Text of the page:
soon a glamorous fixture at Studio 54, rubbing shoulders with Yves Saint Laurent and Andy Warhol. I point out it must have been exciting to be part of a movement so integral to pop culture, but she is quick to add: “Studio 54 lasted only two years. You know what was different? We had no AIDS then. That’s changed everything.”
Change also came to her in the ’90s: She was diagnosed with cancer and in the same decade her namesake brand lost its groove. Ever the trooper, she fought her illness and resurrected her label by designing for a new generation of women who, like her, are in tune with their own strengths and identities. This rapport with one’s self, according to von Fürstenberg, is vital. “That is the one advice I would give anyone. The most important relationship in life is the one you have with yourself.”
Her achievements made her a worthy recipient of the Council of Fashion Designers of America’s lifetime achievement award in 2005. She also assumed the role of the council’s president, and in the years since, she’s tended to an ever-growing support system that has launched the careers of Alexander Wang, Joseph Altuzarra, and Prabal Gurung.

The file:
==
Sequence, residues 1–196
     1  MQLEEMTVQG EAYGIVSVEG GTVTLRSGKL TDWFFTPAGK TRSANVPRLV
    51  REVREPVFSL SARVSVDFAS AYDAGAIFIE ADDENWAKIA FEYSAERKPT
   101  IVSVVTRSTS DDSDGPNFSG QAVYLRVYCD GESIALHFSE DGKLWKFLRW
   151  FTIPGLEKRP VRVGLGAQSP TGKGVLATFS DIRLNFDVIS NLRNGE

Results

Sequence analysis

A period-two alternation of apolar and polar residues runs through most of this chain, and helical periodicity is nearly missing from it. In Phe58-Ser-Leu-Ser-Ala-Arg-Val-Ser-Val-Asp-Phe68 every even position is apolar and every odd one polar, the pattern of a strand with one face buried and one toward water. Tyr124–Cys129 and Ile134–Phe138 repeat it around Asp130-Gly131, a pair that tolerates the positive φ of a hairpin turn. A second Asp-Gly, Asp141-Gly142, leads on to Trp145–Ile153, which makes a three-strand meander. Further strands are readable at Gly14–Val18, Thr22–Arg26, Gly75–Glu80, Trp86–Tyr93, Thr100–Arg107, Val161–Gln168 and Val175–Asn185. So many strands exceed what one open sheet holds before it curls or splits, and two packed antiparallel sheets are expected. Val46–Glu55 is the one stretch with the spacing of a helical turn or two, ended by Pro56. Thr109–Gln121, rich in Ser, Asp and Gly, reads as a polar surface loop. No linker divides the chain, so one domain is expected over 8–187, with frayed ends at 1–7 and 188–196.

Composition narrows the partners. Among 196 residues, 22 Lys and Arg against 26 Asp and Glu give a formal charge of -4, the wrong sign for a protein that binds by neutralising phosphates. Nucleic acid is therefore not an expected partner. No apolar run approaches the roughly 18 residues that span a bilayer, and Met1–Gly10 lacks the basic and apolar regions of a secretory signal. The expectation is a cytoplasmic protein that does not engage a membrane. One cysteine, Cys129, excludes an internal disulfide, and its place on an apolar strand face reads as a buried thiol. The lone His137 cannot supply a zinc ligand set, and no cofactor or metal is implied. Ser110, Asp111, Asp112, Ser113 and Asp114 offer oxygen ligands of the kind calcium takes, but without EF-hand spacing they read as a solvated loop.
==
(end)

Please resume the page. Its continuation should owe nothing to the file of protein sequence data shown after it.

45 years after she first impressed Diana Vreeland with her suitcase of dresses, it seems von Fürstenberg is ready for a new beginning of sorts. “I do see this as a rebirth – not for the dress, but for the company,” she explains. “As a designer, I think I’m your friend in the closet, so I want to translate that into everything we do. It has to be solution-driven.”
That said, she’s not above talking about her legacy and mortality: “I would like [whoever takes over] to understand the true spirit of what I want to do. My role is to give women [the] tools so they can be the women they want to be. And I want everything to be in format. It’s very simple.
“Life is a journey and death is a destination. But I’m not afraid of that,” she reveals. “If the world ends tomorrow, I’ll say, ‘Thank you.’”
Diane von Fürstenberg speaks to Gerald Tan about that famous wrap dress, having no regrets, and the importance of finding one’s
voice in the world.